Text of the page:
The Chinese government has realised how urgently it needs an alternative solution. Under the banner of creating a “harmonious society”, the government is looking into new options for sustainable rural development, utilising resources more efficiently, prioritising new and renewable energy technologies with wider market applications. With its vast territory and diverse geographical regions, China has a large stock of biomass resources from agricultural and forest residues, as well as vast areas of wasteland that can be used for bioenergy development, such as small and decentralised electricity and heat generation, household applications and biofuels cultivation.

Bioenergy development has become a top government priority, and China’s law on renewable energy was implemented in January 2006. The current focus is on electricity generation from surplus agricultural residues, which are estimated at 200 million tonnes yearly. The government has set up a long-term target of 30 gigawatts of electricity generated from biomass by 2020, which will require billions of dollars in investment. There is also a growing interest in the development of biofuels such as biodiesel and ethanol, intended to reduce oil imports, which currently account for more than 46% of China’s total oil supply – a major energy security concern for the government. This explains the Chinese government’s surprise announcement that it will import one million tonnes of ethanol each year from Brazil, a development that no doubt paves the way for new business opportunities in China and the rest of the world.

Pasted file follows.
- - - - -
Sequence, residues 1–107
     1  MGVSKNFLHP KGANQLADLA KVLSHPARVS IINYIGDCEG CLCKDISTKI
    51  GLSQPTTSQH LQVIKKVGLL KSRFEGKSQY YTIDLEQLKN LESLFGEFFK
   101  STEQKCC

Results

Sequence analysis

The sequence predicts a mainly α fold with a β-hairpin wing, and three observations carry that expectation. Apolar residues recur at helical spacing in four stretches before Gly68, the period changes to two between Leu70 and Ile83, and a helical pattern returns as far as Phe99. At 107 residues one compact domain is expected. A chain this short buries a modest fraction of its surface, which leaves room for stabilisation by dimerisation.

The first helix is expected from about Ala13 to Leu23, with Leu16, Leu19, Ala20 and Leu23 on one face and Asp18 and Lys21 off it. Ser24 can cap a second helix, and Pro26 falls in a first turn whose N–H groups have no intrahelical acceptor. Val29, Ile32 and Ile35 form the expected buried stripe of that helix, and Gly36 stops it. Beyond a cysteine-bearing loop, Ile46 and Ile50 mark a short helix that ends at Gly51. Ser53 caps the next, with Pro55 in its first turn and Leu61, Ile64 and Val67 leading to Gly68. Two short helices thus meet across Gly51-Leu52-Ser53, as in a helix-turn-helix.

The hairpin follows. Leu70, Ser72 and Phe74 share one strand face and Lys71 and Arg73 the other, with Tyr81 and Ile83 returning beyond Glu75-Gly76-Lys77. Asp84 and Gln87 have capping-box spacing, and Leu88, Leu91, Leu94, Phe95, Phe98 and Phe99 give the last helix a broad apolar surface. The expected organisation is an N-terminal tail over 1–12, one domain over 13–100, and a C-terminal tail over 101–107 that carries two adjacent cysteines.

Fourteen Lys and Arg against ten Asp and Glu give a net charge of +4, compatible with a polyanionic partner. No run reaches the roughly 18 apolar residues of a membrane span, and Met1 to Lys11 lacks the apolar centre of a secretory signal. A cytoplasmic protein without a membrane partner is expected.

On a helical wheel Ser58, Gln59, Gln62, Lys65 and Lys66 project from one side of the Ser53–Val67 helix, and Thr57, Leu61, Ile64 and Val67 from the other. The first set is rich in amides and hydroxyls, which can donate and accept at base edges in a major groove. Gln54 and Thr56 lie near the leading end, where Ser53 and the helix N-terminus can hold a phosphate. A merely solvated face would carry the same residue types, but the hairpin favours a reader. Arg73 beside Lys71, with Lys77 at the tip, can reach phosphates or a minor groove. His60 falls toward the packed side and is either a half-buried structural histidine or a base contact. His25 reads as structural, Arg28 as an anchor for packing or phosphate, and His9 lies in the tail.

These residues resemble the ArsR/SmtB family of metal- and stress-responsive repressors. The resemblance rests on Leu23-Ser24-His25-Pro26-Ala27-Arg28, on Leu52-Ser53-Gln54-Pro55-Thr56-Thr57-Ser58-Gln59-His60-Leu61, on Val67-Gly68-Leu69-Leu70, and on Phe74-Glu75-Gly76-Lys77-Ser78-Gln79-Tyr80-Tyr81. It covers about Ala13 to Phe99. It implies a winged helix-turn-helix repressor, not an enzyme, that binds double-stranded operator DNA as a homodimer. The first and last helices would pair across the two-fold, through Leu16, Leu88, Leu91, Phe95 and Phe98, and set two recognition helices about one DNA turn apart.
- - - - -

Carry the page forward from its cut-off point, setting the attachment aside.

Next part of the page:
However, this strategy is being defined too narrowly, and poor and disadvantaged social groups are still being overlooked. While biomass-burning power plantscould help improve the quality of life for poor people living in remote areas without access to electricity, the current plan is to build dozens of demonstration biomass power plants in economically-developed regions, such as in eastern China’s Jiangsu province and Shandong province. Rural residents will only benefit from bioenergy development if it comes to where they live and takes their daily needs into account.